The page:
The ultrasound-guided distal sciatic nerve block is the ideal block for patients with distal leg and ankle injuries (large lateral leg laceration, pain reduction from bimalleolar fractures, Achilles tendon rupture, lower leg burns, abscesses, etc.). Depending on the anesthetic used, the block can facilitate fracture reduction or abscess drainage or be used as an adjunct in a multimodal plan for pain control. Unfortunately, the superficial structures of the medial lower leg and ankle are not innervated by the distal sciatic nerve, and a saphenous nerve block (distal aspect of the femoral nerve) may be needed if a more complete analgesia to the lower leg is desired.
The block can facilitate fracture reduction or abscess drainage or be used as an adjunct in a multimodal plan for pain control.
The distal sciatic nerve innervates the majority of the lower extremity below the knee, making it an ideal block for ankle and distal tibial/fibular fractures and injuries to the foot (see Figure 1). It does not provide anesthesia to the medial aspect of the lower leg, which is innervated by the saphenous nerve (a distal branch of the femoral nerve).
Any injury that could potentially result in compartment syndrome is a relative contraindication to performing a distal sciatic nerve block. High-energy injuries such as a solitary tibial or mid-shaft tibial/fibular fracture are known to have high rates of developing compartment syndrome. Additionally, crush injuries or any injury with associated vascular
compromise should trigger a detailed discussion with consultative services (orthopedics, trauma surgery, etc.) before an ultrasound-guided distal sciatic nerve block in the popliteal fossa is performed.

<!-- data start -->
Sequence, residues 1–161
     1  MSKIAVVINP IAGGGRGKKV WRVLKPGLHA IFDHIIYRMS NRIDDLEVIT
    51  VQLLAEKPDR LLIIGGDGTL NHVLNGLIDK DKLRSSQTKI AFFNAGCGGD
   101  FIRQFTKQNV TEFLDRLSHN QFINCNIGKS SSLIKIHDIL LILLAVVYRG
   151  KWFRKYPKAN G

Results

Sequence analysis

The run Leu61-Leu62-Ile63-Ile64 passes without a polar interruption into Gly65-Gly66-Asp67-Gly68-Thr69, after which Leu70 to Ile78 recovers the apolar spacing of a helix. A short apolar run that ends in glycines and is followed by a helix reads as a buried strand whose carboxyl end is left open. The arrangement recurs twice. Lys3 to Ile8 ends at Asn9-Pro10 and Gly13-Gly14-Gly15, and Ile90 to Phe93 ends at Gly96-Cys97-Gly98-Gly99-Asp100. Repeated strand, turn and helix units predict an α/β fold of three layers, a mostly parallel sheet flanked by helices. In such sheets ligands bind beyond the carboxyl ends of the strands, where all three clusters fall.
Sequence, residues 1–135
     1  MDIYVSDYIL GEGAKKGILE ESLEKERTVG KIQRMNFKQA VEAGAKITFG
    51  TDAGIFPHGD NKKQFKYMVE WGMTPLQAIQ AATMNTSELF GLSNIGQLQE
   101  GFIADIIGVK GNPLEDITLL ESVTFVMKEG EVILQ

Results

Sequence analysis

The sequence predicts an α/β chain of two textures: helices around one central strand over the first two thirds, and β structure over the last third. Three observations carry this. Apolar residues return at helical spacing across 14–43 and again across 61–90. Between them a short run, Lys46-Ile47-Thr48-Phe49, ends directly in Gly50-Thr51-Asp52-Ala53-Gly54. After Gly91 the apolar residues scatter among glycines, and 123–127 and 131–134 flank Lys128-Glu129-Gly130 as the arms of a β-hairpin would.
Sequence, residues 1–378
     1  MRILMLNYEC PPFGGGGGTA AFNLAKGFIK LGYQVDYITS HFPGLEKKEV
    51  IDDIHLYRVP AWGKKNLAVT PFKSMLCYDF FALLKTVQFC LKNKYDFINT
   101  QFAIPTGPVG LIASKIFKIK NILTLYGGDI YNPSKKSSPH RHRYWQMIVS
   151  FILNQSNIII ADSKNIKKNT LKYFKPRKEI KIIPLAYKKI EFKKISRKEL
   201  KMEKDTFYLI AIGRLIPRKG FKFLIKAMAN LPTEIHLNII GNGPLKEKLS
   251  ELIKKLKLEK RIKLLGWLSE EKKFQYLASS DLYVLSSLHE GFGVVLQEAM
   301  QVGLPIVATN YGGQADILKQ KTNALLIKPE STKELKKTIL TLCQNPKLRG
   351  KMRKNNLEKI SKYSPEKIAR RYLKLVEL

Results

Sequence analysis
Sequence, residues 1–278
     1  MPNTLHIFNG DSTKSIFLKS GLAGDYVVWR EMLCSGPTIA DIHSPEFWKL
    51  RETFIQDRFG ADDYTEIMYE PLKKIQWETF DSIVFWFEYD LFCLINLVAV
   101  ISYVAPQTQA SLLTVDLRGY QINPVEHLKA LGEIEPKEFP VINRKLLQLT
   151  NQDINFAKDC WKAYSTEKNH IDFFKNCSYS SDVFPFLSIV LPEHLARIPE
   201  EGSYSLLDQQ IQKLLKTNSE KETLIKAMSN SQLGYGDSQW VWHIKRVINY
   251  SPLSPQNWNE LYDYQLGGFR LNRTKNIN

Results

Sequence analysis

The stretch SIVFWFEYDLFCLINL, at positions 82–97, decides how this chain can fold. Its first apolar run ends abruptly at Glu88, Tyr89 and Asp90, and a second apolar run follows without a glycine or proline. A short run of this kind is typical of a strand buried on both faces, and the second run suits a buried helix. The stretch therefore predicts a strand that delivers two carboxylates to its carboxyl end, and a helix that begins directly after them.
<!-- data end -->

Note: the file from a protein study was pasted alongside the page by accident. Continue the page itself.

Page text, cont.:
The distal sciatic nerve originates from the L4-S3 nerve roots of the lumbar-sacral plexus. The sciatic nerve initially runs deep in the posterior thigh, gradually becoming more superficial as it approaches the popliteal fossa. The large sciatic nerve bifurcates into the tibial (medial) and the common peroneal (lateral) nerves approximately 7–10 cm proximal to the popliteal fossa (see Figure 2). At this level, the sciatic nerve is bound by the semimembranosus and semitendinosus muscles medially and the biceps femoris muscle laterally. Although the sciatic nerve can be blocked at any location along its course, its superficial position in the region of the popliteal fossa makes this distal location ideal.1,2
If possible, the patient should be in the prone position, allowing easy access to the popliteal fossa and posterior aspect of the patient’s lower extremity. In a patient who is unable to lie prone (cervical spine immobilization, etc.), the affected extremity must be elevated and supported with mild flexion of the knee. This is best achieved by propping the foot with blankets or pillows to allow the ultrasound probe to easily fit between the popliteal fossa and the patient’s bed. Either position will allow the clinician to block the sciatic nerve in the popliteal fossa, with the prone position being technically much less difficult.
A high-frequency linear probe should be used to image the distal sciatic nerve in the popliteal fossa (see Figure 3). We recommend a 20- or 22-gauge, 3.5-inch (9 cm) spinal needle to reach the distal sciatic nerve because of its depth in the popliteal fossa. In addition, 20 mL of local anesthetic will be needed.